Dresden on the Elbe:
With its scenic setting alongside the winding Elbe River, Dresden is reputedly one of the most beautiful cities in Germany. When you visit this charming and historic city with its baroque architecture, it’s hard to believe that most of the buildings have been rebuilt since WWII.
Dresden first gained pre-eminence in 1485 when the Albertine Wettins established their residence here. It enjoyed great growth during the 18th century when it became a cultural centre, as a result of which many magnificent buildings sprung up here.
Almost all the buildings were destroyed in 1945 when British and American air forces carpet-bombed the city. Since then, meticulous reconstruction and restoration works have restored the city to its glory days. One of the most impressive examples of reconstruction in the city centre is the Dresden Frauenkirche Church whose magnificent baroque dome dominates the city skyline.
Dresden is Germany’s fourth largest city and recognized for its medical and other research works. The inner-city and theatre area may not appear green, but once out of the city centre about 60% of Dresden is green.
On the left bank of the Elbe is the Old City, or Altstadt district. Dresden’s most famous building the Zwinger is located here as are the other historical buildings like the Frauenkirche Church, the Staatsoper, Residenzschloss, Hofkirche, just to name a few. If you only have a short stop here, its possible to see quite a lot in the historic centre as many of the buildings are within close proximity of each other.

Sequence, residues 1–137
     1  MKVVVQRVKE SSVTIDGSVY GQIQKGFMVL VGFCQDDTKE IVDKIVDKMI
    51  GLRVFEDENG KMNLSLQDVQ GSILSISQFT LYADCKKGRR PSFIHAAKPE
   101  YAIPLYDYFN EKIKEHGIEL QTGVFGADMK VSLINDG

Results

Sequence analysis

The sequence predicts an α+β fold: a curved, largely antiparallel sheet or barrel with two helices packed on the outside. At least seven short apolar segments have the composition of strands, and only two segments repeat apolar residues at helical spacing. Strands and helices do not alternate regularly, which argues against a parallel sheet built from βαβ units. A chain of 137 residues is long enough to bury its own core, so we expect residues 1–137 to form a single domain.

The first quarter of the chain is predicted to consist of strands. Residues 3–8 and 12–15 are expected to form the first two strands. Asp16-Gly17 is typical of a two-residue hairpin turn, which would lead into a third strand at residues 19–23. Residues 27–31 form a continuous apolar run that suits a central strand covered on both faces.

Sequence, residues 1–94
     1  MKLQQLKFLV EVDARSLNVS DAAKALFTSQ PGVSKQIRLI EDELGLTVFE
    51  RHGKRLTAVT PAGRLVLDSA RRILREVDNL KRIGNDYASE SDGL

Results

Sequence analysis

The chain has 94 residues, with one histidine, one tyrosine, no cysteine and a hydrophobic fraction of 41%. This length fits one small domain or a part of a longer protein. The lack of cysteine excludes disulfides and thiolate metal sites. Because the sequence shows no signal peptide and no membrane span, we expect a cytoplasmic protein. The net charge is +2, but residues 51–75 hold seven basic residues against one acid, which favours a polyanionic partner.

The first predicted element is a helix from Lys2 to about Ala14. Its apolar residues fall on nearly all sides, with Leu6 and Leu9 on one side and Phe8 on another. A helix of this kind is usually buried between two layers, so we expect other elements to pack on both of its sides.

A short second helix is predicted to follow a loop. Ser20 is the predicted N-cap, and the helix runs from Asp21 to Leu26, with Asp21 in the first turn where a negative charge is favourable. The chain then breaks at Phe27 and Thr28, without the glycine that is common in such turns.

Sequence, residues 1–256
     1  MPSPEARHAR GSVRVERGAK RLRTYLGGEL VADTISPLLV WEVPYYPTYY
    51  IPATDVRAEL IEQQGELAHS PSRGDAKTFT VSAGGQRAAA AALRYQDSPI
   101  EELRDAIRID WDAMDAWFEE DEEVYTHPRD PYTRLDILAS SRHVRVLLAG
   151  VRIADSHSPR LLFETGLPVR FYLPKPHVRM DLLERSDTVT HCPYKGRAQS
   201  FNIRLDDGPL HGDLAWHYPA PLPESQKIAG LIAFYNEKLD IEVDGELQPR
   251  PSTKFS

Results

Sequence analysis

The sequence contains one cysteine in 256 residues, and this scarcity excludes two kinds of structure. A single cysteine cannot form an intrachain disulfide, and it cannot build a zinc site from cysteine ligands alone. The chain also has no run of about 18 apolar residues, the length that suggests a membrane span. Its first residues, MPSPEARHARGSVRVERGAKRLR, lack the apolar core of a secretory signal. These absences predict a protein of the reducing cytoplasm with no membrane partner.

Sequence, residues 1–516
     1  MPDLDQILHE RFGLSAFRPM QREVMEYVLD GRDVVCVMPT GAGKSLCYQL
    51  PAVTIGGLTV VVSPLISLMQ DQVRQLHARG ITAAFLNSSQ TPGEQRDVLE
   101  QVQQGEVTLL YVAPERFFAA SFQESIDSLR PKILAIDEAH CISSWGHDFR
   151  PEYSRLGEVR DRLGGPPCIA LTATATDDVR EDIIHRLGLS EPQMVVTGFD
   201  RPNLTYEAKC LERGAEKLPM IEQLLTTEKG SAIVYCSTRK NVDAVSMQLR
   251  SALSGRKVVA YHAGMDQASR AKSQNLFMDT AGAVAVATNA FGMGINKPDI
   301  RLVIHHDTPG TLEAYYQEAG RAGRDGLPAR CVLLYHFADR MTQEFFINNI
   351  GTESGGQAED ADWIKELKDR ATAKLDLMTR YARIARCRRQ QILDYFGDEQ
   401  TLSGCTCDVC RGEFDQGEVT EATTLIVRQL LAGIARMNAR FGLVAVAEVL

Where to Shop and Eat
If you’re looking for shopping centres and restaurants, these can be found around Altmarkt Square and Prager Strasse. Walk down Munzgasse to the River and you’ll also find quite a number of restaurants and cafes along this street. We called into Las Tapas at Munzgasse 4 at lunchtime and were quite surprised at the quality of the tapas in this place. Talking to the waitress, she advised that the chef is from Spain.
Across the river on the right bank of the Elbe is Neustadt or the new quarter. Here you’ll find a mixture of baroque streets, the Japanese Palace, government quarters, and a residential district on the Outer Neustadt. From the garden of the Japanese Palace visitors can enjoy the so-called “Canaletto view” a view once depicted by a Saxon court painter when he painted Dresden’s baroque silhouette from this site. In Königsbrücker Strasse and Lutherplatz Square are numerous restaurants, shops and cultural attractions.
Dresden has a good spread of accommodation, ranging from luxury hotels to comfortable guesthouses, pensions or caravan sites.
Dresden is easy to get to by all major means of transport. There are many flight and railway connections to Dresden and one can also reach the city without easily by motorways or on a Elbe River cruise.
Map of Dresden: